The book showed me a period of time in my grandmother’s life. The author’s description of Calumet resonates with my knowledge. In a few places, I found the fiction stretching my imagination. But the author acknowledged the areas that might not be exactly right in her notes at the end of the book.

The March for Life and the President

Over the years I have attended the March for Life in Palatine and in Chicago. I have paid attention to social media accounts of the March for Life in Washington D.C.

Despite the thousands of young adults and families who have turned out year after year, the coverage by the main stream media has been limited. With relief I can say that this year the coverage might be better.

For the first time ever, the President of the United States attended the March for Life and spoke to the tens of thousands of high school and college students, men and women. It was refreshing to hear the President say, “Mothers are heroes.”

When we hear the defense of a woman’s right to choose, the implication is that careers taken precedence over children. An actress at the Golden Globe Awards stated that if she had continued her pregnancy, she wouldn’t have been able to finish the movie she was in. 

Some women choose to abort the life growing in them, but others don’t really have a choice. They are pressured to abort the baby by parents or boyfriends.

My daughter led a young life group. One of the girls became pregnant and called my daughter for support. She wanted to continue the pregnancy. But her parents threatened to take away all financial support, and she gave in to the pressure.

Another woman told me with tears in her eyes that she had forced her daughter to have an abortion.

Abortion is contrary to life and health. The procedure has risks and longterm consequences for women. We know that from conception the baby is developing as a unique individual.

The President said, “Every child is a precious and sacred gift from God.”

I am thankful for growing number of pregnancy centers that offer support to women that are in a difficult circumstances. I am grateful for groups that help women to heal after an abortion.

This post is linked with the Five Minute Friday writing community. Today’s prompt is: RELIEF

What Do We Tell the Children?

Yesterday I spent the afternoon with my grandchildren. I was happy to join the family for dinner. As we were eating dinner the second grader said, “We might be having world war three.”

“Why do you say that?” I asked.

“A boy in my class said that.”

The granddaughter who is in middle school said, “My teacher spent two class hours talking about what is happening.”

We had a discussion of the current news. The grandchildren listened attentively–they were concerned.

I am very glad to be studying Paul’s letters to Timothy at this time. I explained that  Paul had sound advice and encouragement for Timothy during a very difficult time.

As I mentioned Paul’s letter to Timothy, the words came to me. “God is sovereign. He knows what is happening. We can pray for our leaders that they will do what is right.” 

As I thought about our conversation I am reminded of the importance of time studying the Bible. We can direct our children and grandchildren to be grounded in the Word, sharing scripture with them. We can encourage them to participate in prayer for our country, our President, his cabinet and congress.

First of all, then, I urge that supplications, prayers, intercessions, and thanksgivings be made for all people, for kings and all who are in high positions, that we may lead a peaceful and quiet life, godly and dignified in every way. This is good, and it is pleasing in the sight of God our Savior, who desires all people to be saved and to come to the knowledge of the truth. 1 Timothy 2: 1-4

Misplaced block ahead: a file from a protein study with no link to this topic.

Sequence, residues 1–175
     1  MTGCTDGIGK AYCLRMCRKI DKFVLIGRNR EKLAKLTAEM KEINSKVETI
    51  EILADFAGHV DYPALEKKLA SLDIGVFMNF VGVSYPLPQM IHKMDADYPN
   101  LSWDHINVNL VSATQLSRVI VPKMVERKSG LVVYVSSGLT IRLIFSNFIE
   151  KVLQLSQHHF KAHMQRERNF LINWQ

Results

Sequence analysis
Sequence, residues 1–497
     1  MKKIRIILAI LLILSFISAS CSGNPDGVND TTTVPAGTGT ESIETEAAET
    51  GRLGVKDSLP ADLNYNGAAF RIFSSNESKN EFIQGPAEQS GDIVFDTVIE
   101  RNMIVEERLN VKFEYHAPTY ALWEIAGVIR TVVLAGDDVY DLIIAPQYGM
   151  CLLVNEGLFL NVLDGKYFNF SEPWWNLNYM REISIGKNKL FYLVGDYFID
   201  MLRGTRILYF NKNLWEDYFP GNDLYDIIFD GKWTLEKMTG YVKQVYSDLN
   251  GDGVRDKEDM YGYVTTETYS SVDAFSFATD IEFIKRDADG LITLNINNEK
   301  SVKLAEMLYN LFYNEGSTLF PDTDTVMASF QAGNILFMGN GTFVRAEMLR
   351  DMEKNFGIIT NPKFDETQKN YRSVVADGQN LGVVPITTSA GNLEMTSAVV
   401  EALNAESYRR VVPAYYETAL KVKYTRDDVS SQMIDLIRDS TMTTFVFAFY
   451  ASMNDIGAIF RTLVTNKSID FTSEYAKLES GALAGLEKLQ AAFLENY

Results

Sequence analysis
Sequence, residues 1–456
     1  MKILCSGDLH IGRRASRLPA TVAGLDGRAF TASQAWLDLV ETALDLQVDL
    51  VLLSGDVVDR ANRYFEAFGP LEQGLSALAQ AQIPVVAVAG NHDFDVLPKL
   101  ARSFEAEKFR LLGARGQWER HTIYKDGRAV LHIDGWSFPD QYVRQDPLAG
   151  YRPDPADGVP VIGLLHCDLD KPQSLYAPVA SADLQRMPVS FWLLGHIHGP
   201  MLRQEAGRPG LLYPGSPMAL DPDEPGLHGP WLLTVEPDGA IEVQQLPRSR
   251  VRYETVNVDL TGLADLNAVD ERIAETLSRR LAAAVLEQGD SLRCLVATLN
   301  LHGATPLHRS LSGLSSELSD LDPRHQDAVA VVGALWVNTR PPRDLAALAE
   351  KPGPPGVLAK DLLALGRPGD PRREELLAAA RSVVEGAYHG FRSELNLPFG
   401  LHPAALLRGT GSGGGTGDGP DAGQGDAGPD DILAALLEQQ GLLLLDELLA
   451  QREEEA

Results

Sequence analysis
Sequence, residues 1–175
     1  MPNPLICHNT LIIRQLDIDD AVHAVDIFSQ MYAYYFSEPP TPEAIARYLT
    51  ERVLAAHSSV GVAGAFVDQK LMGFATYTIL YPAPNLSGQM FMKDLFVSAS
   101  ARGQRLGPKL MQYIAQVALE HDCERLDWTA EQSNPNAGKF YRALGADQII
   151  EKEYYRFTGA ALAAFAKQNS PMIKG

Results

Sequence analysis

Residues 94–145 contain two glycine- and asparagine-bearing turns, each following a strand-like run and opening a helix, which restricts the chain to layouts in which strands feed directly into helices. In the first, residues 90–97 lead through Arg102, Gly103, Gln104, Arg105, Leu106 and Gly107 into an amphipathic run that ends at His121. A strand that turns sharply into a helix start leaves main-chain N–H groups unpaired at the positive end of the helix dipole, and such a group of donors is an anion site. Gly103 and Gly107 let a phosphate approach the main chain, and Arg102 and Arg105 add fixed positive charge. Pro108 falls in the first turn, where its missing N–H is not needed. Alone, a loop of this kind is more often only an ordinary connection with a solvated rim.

This post is shared with the Five Minute Friday writing community. Today’s prompt is: DIRECTION

Family Fun in Missouri

Between Christmas and the beginning of the new year our family had a mini vacation in St. Charles, Missouri. It was such a pleasure to have our children and their families altogether for a few days. The nine grandchildren enjoyed time with their cousins.

We learned that Lewis and Clark left from St. Charles for the Corps of Discovery Expedition in 1804. The town has the Lewis and Clark Boat House Museum with boats that are a replica of ones used by the expedition. The museum elucidates the historical facts about St. Charles, the people of the town and the expedition.

As we walked around town we noted a number of sculptures of a large dog. Meriwether Lewis had a black Newfoundland dog that he brought along on the expedition. 

The appearance of the town is reminiscent of New England towns, with quaint shops.  St. Charles was the capitol city of Missouri in the years 1821 to 1826. 

St. Charles is just outside of St. Louis so we also enjoyed the St. Louis zoo and museums (many have free admission).

The grandchildren had fun climbing on this bronze gorilla.

There was so much to see at the zoo. I only captured a few of the birds and animals.

Linking this post with Sue’s image-in-ing and Tuesdays with a Twist

The Birth in Bethlehem

And the Word became flesh and dwelt among us, and we have seen his glory, glory as of the only Son from the Father, full of grace and truth. John 1:14

God’s amazing design is before us in the birth of Jesus. Jesus did not enter our world as an adult. He came as an infant, fully human and also God. 

He wasn’t born in a palace or a hospital equipped with modern technology. His birth was dependent on the natural physical ability of a young woman to give birth.

God didn’t need human intervention to carry out his plan for our good. This fills me with joy and trust. We can rest, knowing God is sovereign over our world. 

Luke, the physician wrote in his gospel: And while they [Joseph and Mary] were there, the time came for her to give birth. And she gave birth to her firstborn son and wrapped him in swaddling cloths and laid him in manger because there was no place for them in the inn. Luke 2: 6-7